U.S. Vice President Joe Biden Sunday met with Georgian Prime Minister Irakli Garibasvili in Munich, amid discussions on whether Europe and the United States should bolster Ukraine's fight against pro-Russian separatists. Biden urged Georgia, which fought a brief war with Russia in 2006 when Abkhazia and South Ossetia declared their independence from Georgia in a situation closely paralleling the conflict in Ukraine, to keep its focus on democratic reforms.
Biden told Garibasvili the U.S. supports Georgia's "sovereignty and territorial integrity," the White House said in a readout of the meeting.
The United States has said it would consider sending arms to Ukraine but the head of the Organization for Security and Co‑Operation in Europe warned such action risks escalating the conflict, Reuters reported. "It may even lead down the line to more direct intervention of Russia in this conflict. ... Our objective remains that of de-escalating, so I think really the effort should continue to focus on that," OSCE Secretary-General Lamberto Zannier said ahead of the Munich Security Conference.
President Obama and German Chancellor Angela Merkel are scheduled to meet in Washington Monday to discuss the situation ahead of Wednesday's summit involving the leaders of Russia, Ukraine, Germany and France in Minsk, Belarus, Wednesday.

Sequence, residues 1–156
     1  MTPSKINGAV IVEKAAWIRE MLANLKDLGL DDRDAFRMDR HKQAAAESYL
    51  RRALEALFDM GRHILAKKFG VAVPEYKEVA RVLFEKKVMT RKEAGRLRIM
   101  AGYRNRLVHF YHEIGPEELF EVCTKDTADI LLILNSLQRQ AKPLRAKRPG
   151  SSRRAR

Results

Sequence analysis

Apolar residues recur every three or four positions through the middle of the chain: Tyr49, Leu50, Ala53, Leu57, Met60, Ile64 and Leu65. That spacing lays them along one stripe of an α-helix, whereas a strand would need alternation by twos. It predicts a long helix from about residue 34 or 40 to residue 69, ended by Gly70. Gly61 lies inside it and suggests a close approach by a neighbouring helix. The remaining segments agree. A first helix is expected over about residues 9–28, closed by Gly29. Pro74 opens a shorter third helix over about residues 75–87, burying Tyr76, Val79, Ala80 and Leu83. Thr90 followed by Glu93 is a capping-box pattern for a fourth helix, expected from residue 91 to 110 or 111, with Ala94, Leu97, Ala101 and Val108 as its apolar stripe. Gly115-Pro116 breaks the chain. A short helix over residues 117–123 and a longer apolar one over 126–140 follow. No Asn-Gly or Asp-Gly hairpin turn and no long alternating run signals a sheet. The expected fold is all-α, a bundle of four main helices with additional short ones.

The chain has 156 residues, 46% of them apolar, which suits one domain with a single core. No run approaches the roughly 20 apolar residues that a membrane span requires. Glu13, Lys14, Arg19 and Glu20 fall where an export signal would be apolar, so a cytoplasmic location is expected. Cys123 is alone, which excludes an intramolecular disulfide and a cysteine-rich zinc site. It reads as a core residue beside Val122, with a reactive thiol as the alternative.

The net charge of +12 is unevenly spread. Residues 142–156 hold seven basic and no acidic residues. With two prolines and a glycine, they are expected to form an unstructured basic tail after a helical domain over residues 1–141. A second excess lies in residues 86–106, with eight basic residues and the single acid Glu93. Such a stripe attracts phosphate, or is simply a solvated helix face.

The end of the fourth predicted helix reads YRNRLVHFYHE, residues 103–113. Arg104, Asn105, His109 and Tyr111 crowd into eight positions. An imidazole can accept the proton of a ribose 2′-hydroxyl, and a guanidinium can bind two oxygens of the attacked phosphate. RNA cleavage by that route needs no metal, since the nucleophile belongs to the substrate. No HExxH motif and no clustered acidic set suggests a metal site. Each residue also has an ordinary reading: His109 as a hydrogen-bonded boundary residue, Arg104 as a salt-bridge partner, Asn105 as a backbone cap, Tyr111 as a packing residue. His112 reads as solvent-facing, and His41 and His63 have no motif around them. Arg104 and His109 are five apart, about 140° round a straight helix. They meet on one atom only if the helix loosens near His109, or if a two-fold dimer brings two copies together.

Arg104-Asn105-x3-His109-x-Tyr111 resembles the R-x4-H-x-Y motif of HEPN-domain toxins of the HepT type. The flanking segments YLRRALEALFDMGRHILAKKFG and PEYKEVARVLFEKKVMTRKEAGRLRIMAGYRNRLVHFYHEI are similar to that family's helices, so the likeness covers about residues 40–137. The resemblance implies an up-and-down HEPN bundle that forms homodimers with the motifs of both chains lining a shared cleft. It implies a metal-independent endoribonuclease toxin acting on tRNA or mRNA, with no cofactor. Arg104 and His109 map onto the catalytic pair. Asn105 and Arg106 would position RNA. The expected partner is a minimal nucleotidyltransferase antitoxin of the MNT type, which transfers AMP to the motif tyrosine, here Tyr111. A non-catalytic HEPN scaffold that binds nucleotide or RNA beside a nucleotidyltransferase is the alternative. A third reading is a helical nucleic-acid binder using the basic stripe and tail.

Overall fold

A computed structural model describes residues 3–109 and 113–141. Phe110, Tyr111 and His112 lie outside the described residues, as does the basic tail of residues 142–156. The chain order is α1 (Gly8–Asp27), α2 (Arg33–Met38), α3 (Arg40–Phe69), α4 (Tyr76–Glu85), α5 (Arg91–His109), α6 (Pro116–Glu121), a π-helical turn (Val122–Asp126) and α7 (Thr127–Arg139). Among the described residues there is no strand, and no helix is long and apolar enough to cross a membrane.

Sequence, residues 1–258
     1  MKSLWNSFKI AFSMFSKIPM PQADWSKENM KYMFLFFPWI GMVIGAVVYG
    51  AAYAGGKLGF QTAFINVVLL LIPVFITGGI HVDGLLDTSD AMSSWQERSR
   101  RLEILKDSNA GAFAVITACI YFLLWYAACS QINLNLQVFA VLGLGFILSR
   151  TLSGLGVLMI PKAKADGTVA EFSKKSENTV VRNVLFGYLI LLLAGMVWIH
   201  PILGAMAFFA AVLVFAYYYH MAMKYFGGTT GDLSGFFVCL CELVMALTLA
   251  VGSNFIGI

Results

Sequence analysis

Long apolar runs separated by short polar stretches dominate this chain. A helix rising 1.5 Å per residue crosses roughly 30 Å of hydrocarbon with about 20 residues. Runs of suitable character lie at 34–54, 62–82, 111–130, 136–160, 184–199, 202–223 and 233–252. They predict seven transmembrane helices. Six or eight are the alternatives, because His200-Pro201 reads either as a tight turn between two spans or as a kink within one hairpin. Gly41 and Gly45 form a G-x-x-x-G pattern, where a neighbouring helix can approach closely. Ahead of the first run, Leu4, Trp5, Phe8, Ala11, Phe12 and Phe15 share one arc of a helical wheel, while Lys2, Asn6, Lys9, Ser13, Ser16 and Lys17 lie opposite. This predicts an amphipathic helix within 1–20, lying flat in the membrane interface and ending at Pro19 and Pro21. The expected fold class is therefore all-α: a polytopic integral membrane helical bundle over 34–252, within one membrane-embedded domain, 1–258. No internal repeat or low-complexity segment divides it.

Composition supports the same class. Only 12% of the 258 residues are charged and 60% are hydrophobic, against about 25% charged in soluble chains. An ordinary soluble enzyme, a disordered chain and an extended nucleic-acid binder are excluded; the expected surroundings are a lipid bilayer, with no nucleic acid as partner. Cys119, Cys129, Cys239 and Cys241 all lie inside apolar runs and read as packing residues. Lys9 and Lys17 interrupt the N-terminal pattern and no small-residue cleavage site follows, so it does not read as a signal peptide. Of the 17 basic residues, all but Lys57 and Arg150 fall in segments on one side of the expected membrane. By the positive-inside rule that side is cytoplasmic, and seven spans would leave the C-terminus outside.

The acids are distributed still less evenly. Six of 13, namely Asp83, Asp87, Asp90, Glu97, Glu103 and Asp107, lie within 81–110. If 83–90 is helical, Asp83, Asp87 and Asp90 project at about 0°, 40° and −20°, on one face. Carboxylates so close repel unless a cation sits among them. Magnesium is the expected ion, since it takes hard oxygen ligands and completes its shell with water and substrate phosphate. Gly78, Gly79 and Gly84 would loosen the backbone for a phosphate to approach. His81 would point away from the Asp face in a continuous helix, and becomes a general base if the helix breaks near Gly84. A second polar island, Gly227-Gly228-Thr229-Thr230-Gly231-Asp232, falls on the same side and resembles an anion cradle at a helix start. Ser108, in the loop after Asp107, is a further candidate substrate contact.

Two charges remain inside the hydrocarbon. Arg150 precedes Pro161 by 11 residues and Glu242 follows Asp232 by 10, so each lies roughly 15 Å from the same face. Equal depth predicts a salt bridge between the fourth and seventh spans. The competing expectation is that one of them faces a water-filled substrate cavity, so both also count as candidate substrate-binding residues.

Biden has tried to downplay the differences between U.S. and European leaders on the situation. He said Saturday the U.S. agrees both sides should endeavor to settle the conflict peacefully, but made clear Washington is ready to help Kiev defend itself.
"Too many times President Putin has promised peace and delivered tanks, troops and weapons," Biden said. Russia has denied it supports the separatists and has been suffering under Western-imposed sanctions since it seized Crimea last Spring.
Biden also discussed increased U.S. assistance to Iraq in the fight against the Islamic State group during a meeting with Kurdish President Masoud Barzani and met with Montenegrin Prime Minister Milo Dukanovic to discuss that country's effort to join NATO.
Before heading back to Washington following the meetings, Biden toured the Dachau concentration camp, including a walk through the camp's crematorium where inmates were gassed, accompanied by his granddaughter, Finnegan Biden. The vice president was greeted at the entrance by camp survivor Max Mannheimer, 95, who described what the concentration camp was like. Biden told him one of his early aides was a Holocaust survivor from Hungary. A docent described the liberation of the camp by the 42nd Infantry Division and the 20th Armored Division of the U.S. Army.